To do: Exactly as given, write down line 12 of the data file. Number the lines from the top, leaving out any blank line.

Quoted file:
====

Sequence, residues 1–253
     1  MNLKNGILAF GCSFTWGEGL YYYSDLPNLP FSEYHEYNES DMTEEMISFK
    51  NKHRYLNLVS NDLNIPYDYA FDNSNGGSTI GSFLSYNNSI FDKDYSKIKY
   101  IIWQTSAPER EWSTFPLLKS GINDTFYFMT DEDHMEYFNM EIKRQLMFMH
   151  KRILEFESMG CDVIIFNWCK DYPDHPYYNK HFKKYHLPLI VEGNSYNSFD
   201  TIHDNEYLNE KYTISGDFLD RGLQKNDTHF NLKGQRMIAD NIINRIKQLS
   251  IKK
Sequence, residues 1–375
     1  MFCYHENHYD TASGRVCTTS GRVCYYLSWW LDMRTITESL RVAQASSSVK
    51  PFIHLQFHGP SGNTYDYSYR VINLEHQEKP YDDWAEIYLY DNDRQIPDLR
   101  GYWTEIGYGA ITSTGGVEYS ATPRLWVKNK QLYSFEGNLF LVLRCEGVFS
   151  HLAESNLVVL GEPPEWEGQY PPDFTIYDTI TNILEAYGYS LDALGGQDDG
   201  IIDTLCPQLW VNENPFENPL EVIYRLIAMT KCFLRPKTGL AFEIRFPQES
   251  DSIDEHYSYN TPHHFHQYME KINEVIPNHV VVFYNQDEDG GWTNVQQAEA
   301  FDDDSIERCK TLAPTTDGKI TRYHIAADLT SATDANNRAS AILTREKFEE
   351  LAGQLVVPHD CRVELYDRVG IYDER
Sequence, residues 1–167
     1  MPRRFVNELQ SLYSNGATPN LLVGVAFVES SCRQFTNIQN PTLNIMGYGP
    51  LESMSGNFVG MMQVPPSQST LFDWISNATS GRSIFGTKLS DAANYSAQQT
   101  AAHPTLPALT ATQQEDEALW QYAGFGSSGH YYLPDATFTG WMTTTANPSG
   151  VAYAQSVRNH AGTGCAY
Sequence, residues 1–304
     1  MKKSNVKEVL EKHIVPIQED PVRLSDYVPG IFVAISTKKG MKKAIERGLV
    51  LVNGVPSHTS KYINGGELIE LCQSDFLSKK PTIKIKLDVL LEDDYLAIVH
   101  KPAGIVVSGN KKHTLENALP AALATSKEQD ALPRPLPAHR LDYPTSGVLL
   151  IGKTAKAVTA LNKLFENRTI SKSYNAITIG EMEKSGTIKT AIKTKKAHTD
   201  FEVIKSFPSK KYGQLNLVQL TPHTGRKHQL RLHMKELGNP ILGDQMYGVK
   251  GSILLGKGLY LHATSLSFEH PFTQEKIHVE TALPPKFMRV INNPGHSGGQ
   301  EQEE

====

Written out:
   151  HLAESNLVVL GEPPEWEGQY PPDFTIYDTI TNILEAYGYS LDALGGQDDG